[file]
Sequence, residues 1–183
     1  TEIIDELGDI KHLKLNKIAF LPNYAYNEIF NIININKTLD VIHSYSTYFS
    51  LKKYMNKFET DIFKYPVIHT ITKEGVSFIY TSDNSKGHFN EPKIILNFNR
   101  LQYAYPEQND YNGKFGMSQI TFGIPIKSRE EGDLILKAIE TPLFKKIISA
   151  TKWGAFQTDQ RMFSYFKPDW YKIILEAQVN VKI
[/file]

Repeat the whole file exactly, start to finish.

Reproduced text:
Sequence, residues 1–183
     1  TEIIDELGDI KHLKLNKIAF LPNYAYNEIF NIININKTLD VIHSYSTYFS
    51  LKKYMNKFET DIFKYPVIHT ITKEGVSFIY TSDNSKGHFN EPKIILNFNR
   101  LQYAYPEQND YNGKFGMSQI TFGIPIKSRE EGDLILKAIE TPLFKKIISA
   151  TKWGAFQTDQ RMFSYFKPDW YKIILEAQVN VKI